Videos show more explosions in KIA vehicles on Nashville interstates, roads

Drivers report loss of acceleration directly before the car catches fire.
WSMV4 Investigates has now documented five instances, in which drivers were behind the wheel and their KIA vehicles caught on fire.
Published: May. 17, 2023 at 1:45 PM CDT|Updated: May. 17, 2023 at 6:37 PM CDT
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NASHVILLE, Tenn. (WSMV) - Looking at the photos of her daughter’s 2016 Kia Soul burned beyond recognition, Kim Kaiser wipes away tears.

“They’re hard to look at,” Kaiser said. “Just how close my kids were to getting hurt.”

Kaiser’s oldest daughter was behind the wheel on Briley Parkway on March 27, her youngest in the passenger seat, when something unexpected happened. “The gas, as she went to press on it, stopped accelerating,” Kaiser said.

Moments later, Kaiser’s daughter pulled over, and she and her sister noticed smoke coming out of the vents.

“It was just minutes of getting out of the car that it was engulfed in flames,” Kaiser said.

Kim Kaiser's two teenager daughters were in the car when the car began to cease accelerating....
Kim Kaiser's two teenager daughters were in the car when the car began to cease accelerating. Moments later, it caught on fire.(Kim Kaiser)
Fire happened on Briley Parkway on March 27, 2023
Fire happened on Briley Parkway on March 27, 2023(Kim Kaiser)

Dominque Willis’ experience driving his fiancé's 2015 Kia Soul before it burst into flames is strikingly similar.

Willis was also driving on Briley Parkway on Dec. 29, 2022, when he too had to pull over. “I kind of noticed the car wasn’t accelerating like it normally would,” Willis said.

As he pulled over and tried to restart the car, Willis said a woman drove in front of him and yelled for him to exit the car, as flames were underneath.

In a video he recorded moments later, Willis can be heard screaming, asking why the car was on fire. He then called his fiancé, Kanesha Horsley.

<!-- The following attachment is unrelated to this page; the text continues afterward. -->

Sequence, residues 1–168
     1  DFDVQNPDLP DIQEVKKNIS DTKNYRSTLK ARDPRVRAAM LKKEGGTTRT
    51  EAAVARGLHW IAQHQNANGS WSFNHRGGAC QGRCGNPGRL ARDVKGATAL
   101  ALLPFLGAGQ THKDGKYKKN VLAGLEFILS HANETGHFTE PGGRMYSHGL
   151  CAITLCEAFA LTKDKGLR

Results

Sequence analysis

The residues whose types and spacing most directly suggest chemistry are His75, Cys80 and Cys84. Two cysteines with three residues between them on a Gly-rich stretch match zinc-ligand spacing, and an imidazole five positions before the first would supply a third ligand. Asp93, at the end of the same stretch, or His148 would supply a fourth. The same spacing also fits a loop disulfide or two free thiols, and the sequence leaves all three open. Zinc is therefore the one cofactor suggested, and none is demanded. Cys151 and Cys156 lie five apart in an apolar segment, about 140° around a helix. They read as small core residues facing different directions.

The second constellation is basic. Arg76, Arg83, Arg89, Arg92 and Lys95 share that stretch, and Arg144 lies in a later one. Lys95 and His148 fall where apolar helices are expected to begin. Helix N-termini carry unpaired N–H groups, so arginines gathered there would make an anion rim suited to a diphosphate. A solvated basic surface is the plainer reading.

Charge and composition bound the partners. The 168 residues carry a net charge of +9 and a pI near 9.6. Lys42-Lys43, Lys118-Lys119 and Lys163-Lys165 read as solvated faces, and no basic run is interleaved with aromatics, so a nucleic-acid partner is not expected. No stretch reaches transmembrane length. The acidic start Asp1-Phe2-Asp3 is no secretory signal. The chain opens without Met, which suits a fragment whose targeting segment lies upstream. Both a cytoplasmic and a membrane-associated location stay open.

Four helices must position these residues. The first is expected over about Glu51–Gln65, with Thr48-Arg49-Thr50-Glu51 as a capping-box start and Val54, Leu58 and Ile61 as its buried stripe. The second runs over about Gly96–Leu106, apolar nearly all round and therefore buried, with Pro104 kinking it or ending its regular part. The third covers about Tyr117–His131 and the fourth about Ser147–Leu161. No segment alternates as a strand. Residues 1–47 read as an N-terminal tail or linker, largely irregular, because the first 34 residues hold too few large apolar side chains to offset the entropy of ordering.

“He’s like, I don’t know, I can’t explain it. The cart is on fire,” Horsley said.

Another video, obtained by WSMV4 Investigates, captured on September 2021 on Vietnam Veterans Parkway, shows a KIA Sorento engulfed in flames. Its driver recorded as firefighters showed up to extinguish the flames.

WSMV4 Investigates has now documented five instances in which drivers were behind the wheel and their KIA vehicles caught on fire.

To further complicate the problem, in certain years, KIA Souls and Sorentos were recalled for the potential of a car fire.

But in each of the five cases documented by WSMV4 Investigates, the vin numbers on these specific cars were not identified as being part of a recall.

In fact, Horsley said she got a recall in the mail for all KIA Souls of her year and make, took it into a dealership, only to be told that her vin number indicated that it wasn’t part of the recall. “I was just thinking, I can keep driving it, it’s fine,” Horsley said.

Insurance claim data shows more fires in other vehicles

A review of insurance claim data shows a wide swath of vehicles currently not under recall still catching fire.

The data is only for claims about vehicles that caught on fire but were not involved in accidents, like the KIA vehicles documented by WSMV4 Investigates.

The data, at a cursory level, shows the models, makes and years of the vehicles with the highest rates of non-crash fires.

There are so many cases of fires in other makes and models, the KIA Soul and Sorento don’t even make the top ten.

Matt Moore, senior vice president of the Highway Loss Data Institute, said the data is presented to NHTSA for their review in determining recalls.

“It’s difficult to know if these fires were the result of a defect or something that happened over the life of the vehicle,” Moore said.

The data shows, overwhelmingly, the claims on non-crash car fires happen in older vehicles.

“Is that the reality? That an older car is more likely to catch on fire?” WSMV4 Investigates asked.

“That’s the reality. It’s not likely to catch on fire. It’s more likely to catch on fire than a new vehicle,” Moore said.

Once again, WSMV4 Investigates reached out to KIA Corporate for an explanation of why the vehicles now showing as part of the fire recall are still catching on fire, but a spokesman just asked for the vin numbers of the vehicles to investigate further.

The spokesman did write that there are many potential causes of vehicle fires, so these investigations on the vehicles are important to begin.

“When my children see them going down the road in the cars, we want to stop them and say, sell your car, get a different car,” Kaiser said.

If your KIA vehicle caught on fire in Tennessee, please contact Jeremy Finley at